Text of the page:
Charlie Earl - WWU board member spoke. Spoke of working cooperatively. Growth, traffic and parking as needs. Can be done without compromising neighborhoods around WWU. GMA is confusing and clouded. Siting of Universities cannot be compromised. (here is where WWU says it can do what it wants) He said neighborhoods have benefited from WWU expansion in the past.

Warren Gilbert - oldest board member from 1990 spoke. (this is problem - none of Trustees date from before 1990, and so they have little knowledge of Western's values.) He told how board considered all issues. How the Trustees heard from neighbors. How this plan is not new. He emphasized how this plan - the master plan - has gone through the proper processes. (He did not say what the huge 15 block acquisition area in Happy Valley would be used for.)

Karen Morse spoke. Western is "our neighborhood" she said. A unique neighborhood. It has the same concerns as a village would have. But different. She intends to continue with mandate to expand to 12,500 students - while maintaining quality of education. WWU has an enormous positive influence - payroll and spending. Money. She spoke of money. WWU spends money. She takes pride in WWU. She understands that WWU affects neighbors - and she assures us that cooperation will "continue". Neighborhood plan lists all that WWU has done for city. She emphasized this. She went on about what WWU has done for the area. She talked of how much the public has helped form the master plan. MOA - which is in draft form - allows WWU to proceed to move with important building projects. They are significant projects. She talked of the south campus traffic task force. Talked of how open the process is. Introduced the concept of advisory board for planning and growth. Regarding WWU's own version of the neighborhood plan, she emphasized 4 items.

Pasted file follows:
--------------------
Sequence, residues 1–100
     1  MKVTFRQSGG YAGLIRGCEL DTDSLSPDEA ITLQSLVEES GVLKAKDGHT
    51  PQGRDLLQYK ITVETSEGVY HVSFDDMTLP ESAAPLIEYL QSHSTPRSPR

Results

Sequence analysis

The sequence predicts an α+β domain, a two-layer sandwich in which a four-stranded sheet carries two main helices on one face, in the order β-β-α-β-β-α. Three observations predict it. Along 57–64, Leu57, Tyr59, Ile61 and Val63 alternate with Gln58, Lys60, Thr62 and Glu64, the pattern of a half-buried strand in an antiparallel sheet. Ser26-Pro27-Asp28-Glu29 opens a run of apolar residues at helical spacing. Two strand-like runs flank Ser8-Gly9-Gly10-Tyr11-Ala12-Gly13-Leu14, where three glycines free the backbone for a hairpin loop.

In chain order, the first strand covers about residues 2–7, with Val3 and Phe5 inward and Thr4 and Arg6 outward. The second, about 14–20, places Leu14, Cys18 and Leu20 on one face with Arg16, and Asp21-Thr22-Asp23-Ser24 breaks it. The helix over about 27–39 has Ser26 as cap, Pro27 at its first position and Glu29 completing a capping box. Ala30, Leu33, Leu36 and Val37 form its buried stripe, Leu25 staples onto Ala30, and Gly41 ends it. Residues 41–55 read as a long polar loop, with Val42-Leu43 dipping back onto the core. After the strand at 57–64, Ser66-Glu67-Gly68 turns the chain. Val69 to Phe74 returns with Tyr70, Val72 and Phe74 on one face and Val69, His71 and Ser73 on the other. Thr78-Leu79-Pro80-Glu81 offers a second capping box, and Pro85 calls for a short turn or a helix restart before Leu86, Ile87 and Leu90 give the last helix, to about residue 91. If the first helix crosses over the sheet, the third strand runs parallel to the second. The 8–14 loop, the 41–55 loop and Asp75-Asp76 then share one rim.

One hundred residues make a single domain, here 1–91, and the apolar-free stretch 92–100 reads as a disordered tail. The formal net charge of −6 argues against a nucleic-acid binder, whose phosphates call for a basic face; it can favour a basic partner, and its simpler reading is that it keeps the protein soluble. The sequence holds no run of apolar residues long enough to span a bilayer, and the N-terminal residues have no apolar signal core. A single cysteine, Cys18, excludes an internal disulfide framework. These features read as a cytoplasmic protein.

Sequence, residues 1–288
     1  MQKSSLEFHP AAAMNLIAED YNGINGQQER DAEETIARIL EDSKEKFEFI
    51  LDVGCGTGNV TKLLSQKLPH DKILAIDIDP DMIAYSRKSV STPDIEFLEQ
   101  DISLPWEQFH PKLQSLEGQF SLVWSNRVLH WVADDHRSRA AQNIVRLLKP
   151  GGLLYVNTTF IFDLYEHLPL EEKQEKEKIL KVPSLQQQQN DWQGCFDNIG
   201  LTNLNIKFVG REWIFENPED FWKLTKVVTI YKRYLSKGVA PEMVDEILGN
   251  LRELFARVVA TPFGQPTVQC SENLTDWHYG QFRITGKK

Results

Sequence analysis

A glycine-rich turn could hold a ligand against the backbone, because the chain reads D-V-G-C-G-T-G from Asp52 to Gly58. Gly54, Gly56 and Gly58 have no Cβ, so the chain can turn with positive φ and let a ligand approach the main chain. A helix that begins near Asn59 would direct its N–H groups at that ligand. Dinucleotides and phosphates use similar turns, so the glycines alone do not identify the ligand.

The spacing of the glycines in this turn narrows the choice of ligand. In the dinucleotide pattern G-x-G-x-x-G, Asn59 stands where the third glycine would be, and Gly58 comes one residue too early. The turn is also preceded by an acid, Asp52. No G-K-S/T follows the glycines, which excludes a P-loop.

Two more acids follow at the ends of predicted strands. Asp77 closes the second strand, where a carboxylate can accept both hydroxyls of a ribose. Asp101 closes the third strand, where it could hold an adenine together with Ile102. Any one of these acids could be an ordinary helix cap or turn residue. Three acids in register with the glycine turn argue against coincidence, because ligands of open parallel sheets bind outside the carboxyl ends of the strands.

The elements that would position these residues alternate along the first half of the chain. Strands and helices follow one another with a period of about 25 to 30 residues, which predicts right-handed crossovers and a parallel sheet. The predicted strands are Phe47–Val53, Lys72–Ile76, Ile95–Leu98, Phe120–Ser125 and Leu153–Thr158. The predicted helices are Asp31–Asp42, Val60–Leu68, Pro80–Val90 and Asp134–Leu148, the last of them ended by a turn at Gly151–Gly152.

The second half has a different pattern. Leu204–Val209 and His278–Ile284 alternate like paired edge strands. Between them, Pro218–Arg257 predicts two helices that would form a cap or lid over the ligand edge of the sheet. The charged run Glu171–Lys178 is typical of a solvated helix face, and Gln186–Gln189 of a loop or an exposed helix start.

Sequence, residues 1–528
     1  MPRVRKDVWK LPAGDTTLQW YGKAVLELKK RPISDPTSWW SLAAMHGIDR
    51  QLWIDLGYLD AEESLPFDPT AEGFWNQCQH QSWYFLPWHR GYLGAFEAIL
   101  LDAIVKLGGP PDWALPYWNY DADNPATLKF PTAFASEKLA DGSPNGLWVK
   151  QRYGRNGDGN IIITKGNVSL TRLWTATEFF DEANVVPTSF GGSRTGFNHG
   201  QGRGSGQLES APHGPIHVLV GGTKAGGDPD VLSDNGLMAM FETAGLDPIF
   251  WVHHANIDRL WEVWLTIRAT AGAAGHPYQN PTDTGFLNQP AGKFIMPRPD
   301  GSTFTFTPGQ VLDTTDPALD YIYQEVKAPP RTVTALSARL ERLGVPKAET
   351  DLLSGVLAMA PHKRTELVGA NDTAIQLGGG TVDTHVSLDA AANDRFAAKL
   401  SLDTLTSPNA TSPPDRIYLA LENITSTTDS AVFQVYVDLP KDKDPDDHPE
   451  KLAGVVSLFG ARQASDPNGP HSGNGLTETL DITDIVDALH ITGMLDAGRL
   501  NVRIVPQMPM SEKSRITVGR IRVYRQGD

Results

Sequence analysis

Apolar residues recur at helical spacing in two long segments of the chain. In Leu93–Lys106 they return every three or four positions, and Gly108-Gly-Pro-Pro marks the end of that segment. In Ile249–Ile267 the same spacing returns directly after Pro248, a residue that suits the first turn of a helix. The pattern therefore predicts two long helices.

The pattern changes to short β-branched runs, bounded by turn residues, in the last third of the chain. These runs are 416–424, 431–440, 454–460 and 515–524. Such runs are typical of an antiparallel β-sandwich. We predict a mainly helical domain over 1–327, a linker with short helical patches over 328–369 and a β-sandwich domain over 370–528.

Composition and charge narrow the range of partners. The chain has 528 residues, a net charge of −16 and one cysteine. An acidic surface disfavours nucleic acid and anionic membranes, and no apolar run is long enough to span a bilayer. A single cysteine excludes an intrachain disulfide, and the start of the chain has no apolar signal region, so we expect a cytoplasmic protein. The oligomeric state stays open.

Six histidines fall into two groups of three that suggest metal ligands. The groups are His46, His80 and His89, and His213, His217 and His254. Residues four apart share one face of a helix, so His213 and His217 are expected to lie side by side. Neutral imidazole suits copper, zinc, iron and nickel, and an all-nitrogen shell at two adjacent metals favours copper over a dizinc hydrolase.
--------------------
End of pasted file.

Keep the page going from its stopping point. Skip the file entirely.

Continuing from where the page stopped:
1. Land owned by WWU that they want to develop but that is beyond boundary.
2. Parking. Wants recognition of WWU efforts. Delete language on parking requirements from plan.
3. Why was some info deleted from plan on WWU concerns for issues.
4. Vacate High Street.
She assured the council that she expects her administration to work closely with city staff and neighbors.

Bob Ryan urged us to not repeat what someone else has said. (funny - later they then say that only one person spoke about some item and so it must not be of great interest to others)

Rick Haggen - one of owners of Haggens Foods spoke. He spoke of traffic problems in the 1950s when he was a kid. Spoke of how fine the university is. Bell rang for three minute time limit and Ryan allowed him to continue. He spoke as if neighbors were against WWU existence. Continued on how great a place it is. He thinks it is important that we do the right thing and that WWU is a benefit to us all. (Rick sounds like he is bucking for next open Trustee position. He also was obviously warning the council that the money powers of Bellingham want the plan approved.)

Shane O'Day - President of students. Speaking as president. He "concurs" with the University. Student input at every step has been available. Does not like micro management of WWU by city. Ie. #13 of plan that addressed bicycle traffic. He suggested that WWU can handle this without city interference. He spoke of other ideas. He said he liked a bus pass system to increase bus ridership. We can't slow up process or "tie up the hands of the university."

April Markowitz - couldn't understand her. Poor sound system. Talked of campus support for the plan.